These studies relating to emotional intelligence indicate that; there exists a negative correlation between emotional intelligence and job burnouts and insecurity. Dulewicz (2003) used a small sample of managers engaged in retail business to establish a relationship between stress, job burnouts and distress through the influence of emotional intelligence. The study established that emotional intelligence directly affected job burnouts and stress with a subsequent effect on psychological well being of employees.

There is therefore growing literature between emotional intelligence and career performance. Subsequent relations between the ability to effectively perform in the work place and employee intelligence (cognitive ability) have been evaluated in the past (Sternberg, 2003). A further research study to define this relationship is cited in Van Rooy (2004) where there was a meta-analysis of 69 research studies. The study explored the ability of emotional intelligence to affect the ability of employees to maintain their jobs. The study also established that emotional intelligence exposed a correlation of the studies undertaken. 23 studies were associated with job security and the other 22 were associated with mental capability. In other words, emotional intelligence was noted to affect job security and success in the workplace.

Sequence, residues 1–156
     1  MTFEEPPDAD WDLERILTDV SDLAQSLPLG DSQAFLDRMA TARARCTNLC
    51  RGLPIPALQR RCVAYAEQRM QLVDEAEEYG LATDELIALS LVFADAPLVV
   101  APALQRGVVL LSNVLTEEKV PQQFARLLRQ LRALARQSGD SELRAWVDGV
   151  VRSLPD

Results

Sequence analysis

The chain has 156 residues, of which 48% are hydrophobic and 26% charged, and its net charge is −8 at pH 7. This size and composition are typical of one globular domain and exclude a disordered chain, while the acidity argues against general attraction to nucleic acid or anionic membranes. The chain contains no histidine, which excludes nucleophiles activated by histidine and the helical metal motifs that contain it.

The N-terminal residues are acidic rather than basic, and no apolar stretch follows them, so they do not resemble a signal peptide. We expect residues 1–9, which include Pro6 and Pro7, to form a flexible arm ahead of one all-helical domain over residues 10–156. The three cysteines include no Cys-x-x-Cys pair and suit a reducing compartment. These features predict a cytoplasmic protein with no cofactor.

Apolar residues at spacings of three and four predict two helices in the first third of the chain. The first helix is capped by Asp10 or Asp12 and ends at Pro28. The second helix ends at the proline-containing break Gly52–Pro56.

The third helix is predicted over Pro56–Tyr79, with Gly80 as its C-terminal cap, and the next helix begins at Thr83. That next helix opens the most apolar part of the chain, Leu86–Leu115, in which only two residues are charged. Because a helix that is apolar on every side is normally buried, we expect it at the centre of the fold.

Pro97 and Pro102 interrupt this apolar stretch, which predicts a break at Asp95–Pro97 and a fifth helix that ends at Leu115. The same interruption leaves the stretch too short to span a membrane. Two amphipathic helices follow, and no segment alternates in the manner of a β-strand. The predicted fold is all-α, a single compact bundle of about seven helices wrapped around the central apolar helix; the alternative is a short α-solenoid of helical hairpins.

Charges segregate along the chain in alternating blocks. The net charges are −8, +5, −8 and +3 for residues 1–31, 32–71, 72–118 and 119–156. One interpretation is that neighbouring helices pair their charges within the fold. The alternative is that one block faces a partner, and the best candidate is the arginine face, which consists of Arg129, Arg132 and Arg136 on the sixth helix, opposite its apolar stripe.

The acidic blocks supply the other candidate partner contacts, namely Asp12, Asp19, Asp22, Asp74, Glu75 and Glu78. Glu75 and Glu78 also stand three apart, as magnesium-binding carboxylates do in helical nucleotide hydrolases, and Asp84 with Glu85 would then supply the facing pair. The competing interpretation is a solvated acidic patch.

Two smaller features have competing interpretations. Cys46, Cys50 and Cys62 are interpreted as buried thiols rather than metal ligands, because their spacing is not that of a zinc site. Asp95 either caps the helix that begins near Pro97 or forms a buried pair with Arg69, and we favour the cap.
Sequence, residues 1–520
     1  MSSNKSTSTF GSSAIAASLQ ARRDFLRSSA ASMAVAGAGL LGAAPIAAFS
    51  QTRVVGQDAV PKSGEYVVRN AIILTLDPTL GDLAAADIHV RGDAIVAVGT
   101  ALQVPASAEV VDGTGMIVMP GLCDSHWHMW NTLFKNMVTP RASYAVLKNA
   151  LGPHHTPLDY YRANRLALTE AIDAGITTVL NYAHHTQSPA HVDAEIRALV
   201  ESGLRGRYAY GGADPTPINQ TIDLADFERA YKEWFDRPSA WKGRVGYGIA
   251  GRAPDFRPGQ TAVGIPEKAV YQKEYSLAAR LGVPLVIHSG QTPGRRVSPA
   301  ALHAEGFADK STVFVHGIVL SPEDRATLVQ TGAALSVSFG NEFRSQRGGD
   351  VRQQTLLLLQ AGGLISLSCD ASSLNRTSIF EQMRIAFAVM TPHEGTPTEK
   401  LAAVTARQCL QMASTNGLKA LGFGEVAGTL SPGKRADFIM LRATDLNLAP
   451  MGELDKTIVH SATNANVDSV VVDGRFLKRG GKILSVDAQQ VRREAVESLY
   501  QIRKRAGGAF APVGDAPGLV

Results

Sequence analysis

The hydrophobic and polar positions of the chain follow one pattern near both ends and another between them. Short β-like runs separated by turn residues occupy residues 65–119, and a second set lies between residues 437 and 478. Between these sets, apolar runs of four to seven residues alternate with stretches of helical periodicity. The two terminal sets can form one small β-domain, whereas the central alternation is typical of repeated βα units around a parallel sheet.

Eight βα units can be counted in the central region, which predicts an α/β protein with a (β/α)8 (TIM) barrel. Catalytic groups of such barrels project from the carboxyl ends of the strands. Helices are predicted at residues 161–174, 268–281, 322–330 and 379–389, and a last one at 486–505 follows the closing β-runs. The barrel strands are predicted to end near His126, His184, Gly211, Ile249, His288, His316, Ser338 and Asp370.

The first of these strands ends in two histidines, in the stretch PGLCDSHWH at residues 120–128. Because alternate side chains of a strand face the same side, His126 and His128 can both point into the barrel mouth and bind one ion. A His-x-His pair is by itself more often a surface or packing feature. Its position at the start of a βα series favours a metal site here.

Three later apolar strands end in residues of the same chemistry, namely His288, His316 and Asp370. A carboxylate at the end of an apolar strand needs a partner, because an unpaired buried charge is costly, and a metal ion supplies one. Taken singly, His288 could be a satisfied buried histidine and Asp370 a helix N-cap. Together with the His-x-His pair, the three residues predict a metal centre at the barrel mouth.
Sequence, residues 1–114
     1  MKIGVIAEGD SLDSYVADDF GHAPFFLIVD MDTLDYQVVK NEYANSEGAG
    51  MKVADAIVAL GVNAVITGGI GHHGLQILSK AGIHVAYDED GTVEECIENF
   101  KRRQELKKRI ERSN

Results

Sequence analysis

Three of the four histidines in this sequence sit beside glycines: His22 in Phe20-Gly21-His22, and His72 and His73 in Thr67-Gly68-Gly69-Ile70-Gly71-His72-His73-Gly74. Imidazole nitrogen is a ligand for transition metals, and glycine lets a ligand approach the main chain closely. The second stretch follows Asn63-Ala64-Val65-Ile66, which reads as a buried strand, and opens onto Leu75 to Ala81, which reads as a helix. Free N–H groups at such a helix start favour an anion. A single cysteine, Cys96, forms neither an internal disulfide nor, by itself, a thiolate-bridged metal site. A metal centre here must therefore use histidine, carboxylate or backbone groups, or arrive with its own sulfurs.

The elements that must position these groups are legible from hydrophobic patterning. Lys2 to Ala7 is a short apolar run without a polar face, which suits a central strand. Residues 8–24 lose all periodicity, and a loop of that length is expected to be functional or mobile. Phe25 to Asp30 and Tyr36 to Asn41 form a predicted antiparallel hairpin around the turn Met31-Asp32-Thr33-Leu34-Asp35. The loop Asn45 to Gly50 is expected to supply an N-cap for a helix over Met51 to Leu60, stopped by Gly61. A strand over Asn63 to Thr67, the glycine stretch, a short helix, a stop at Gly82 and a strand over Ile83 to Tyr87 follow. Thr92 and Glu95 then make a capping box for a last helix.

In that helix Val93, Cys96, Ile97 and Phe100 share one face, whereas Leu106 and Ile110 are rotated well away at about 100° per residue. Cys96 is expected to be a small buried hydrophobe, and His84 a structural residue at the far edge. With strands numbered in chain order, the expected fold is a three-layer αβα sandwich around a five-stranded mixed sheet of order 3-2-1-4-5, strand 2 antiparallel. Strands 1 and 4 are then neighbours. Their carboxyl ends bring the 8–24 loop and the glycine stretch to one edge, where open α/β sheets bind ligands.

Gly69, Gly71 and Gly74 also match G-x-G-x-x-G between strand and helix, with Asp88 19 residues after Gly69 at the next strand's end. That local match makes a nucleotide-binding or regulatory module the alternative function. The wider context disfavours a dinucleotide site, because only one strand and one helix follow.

Other studies depicted a situation whereby employees with high emotional intelligence were more likely to enjoy job security and experience less job burnouts (Wanus, 1997). The studies highlighted in this analysis depict a relationship between emotional intelligence and job security coupled with work burnouts but this research study will be more specific in evaluation of emotional intelligence on children workers.


This research study will be quantitative in nature and will obtain data from past studies to compare resultant and past conclusions on the topic. The statistics will therefore use statistical techniques including graphs and pie charts to depict the resultant relationships. Information will be obtained through a clearly structured questionnaire that will be administered to all employees in the organization.